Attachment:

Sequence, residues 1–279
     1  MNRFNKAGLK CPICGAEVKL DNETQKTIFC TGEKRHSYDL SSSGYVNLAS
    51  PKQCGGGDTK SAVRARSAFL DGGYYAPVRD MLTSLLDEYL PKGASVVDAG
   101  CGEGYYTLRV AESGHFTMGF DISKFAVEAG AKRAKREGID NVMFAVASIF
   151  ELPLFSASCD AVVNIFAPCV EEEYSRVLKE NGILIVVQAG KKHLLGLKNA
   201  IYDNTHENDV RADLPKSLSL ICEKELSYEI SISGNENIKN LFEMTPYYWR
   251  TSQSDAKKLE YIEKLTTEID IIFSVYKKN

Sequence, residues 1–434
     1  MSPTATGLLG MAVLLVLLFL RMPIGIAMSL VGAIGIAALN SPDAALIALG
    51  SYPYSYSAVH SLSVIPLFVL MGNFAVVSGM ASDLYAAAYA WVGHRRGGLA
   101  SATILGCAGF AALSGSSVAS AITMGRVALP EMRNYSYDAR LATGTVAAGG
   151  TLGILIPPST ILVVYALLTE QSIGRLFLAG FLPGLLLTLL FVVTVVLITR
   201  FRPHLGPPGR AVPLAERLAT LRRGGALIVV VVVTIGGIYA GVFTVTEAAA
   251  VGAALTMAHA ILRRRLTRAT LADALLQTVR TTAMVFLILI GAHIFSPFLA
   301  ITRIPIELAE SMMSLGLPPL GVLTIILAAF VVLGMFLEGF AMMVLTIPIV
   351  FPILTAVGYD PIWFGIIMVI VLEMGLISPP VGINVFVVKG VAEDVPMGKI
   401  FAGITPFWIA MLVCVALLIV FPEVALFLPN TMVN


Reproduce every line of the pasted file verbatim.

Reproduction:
Sequence, residues 1–279
     1  MNRFNKAGLK CPICGAEVKL DNETQKTIFC TGEKRHSYDL SSSGYVNLAS
    51  PKQCGGGDTK SAVRARSAFL DGGYYAPVRD MLTSLLDEYL PKGASVVDAG
   101  CGEGYYTLRV AESGHFTMGF DISKFAVEAG AKRAKREGID NVMFAVASIF
   151  ELPLFSASCD AVVNIFAPCV EEEYSRVLKE NGILIVVQAG KKHLLGLKNA
   201  IYDNTHENDV RADLPKSLSL ICEKELSYEI SISGNENIKN LFEMTPYYWR
   251  TSQSDAKKLE YIEKLTTEID IIFSVYKKN

Sequence, residues 1–434
     1  MSPTATGLLG MAVLLVLLFL RMPIGIAMSL VGAIGIAALN SPDAALIALG
    51  SYPYSYSAVH SLSVIPLFVL MGNFAVVSGM ASDLYAAAYA WVGHRRGGLA
   101  SATILGCAGF AALSGSSVAS AITMGRVALP EMRNYSYDAR LATGTVAAGG
   151  TLGILIPPST ILVVYALLTE QSIGRLFLAG FLPGLLLTLL FVVTVVLITR
   201  FRPHLGPPGR AVPLAERLAT LRRGGALIVV VVVTIGGIYA GVFTVTEAAA
   251  VGAALTMAHA ILRRRLTRAT LADALLQTVR TTAMVFLILI GAHIFSPFLA
   301  ITRIPIELAE SMMSLGLPPL GVLTIILAAF VVLGMFLEGF AMMVLTIPIV
   351  FPILTAVGYD PIWFGIIMVI VLEMGLISPP VGINVFVVKG VAEDVPMGKI
   401  FAGITPFWIA MLVCVALLIV FPEVALFLPN TMVN